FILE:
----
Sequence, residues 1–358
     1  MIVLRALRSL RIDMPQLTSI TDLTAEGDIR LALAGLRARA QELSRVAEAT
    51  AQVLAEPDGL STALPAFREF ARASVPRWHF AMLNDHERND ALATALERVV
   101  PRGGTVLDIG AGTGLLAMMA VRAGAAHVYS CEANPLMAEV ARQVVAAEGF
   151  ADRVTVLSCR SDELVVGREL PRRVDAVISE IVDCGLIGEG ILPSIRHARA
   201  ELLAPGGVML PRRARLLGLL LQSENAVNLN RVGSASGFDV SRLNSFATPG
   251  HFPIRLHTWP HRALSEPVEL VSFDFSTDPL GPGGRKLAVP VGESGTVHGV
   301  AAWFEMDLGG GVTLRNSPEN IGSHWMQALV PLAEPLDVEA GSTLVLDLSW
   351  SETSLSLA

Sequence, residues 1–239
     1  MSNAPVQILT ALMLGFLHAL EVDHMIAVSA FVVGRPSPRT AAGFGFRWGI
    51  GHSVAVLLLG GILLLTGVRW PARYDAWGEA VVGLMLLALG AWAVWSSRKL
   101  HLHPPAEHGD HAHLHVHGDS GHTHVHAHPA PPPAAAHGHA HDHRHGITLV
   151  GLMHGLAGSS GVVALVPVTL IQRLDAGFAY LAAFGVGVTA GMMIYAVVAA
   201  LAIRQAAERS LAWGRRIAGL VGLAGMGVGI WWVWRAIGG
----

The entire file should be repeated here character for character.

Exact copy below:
Sequence, residues 1–358
     1  MIVLRALRSL RIDMPQLTSI TDLTAEGDIR LALAGLRARA QELSRVAEAT
    51  AQVLAEPDGL STALPAFREF ARASVPRWHF AMLNDHERND ALATALERVV
   101  PRGGTVLDIG AGTGLLAMMA VRAGAAHVYS CEANPLMAEV ARQVVAAEGF
   151  ADRVTVLSCR SDELVVGREL PRRVDAVISE IVDCGLIGEG ILPSIRHARA
   201  ELLAPGGVML PRRARLLGLL LQSENAVNLN RVGSASGFDV SRLNSFATPG
   251  HFPIRLHTWP HRALSEPVEL VSFDFSTDPL GPGGRKLAVP VGESGTVHGV
   301  AAWFEMDLGG GVTLRNSPEN IGSHWMQALV PLAEPLDVEA GSTLVLDLSW
   351  SETSLSLA

Sequence, residues 1–239
     1  MSNAPVQILT ALMLGFLHAL EVDHMIAVSA FVVGRPSPRT AAGFGFRWGI
    51  GHSVAVLLLG GILLLTGVRW PARYDAWGEA VVGLMLLALG AWAVWSSRKL
   101  HLHPPAEHGD HAHLHVHGDS GHTHVHAHPA PPPAAAHGHA HDHRHGITLV
   151  GLMHGLAGSS GVVALVPVTL IQRLDAGFAY LAAFGVGVTA GMMIYAVVAA
   201  LAIRQAAERS LAWGRRIAGL VGLAGMGVGI WWVWRAIGG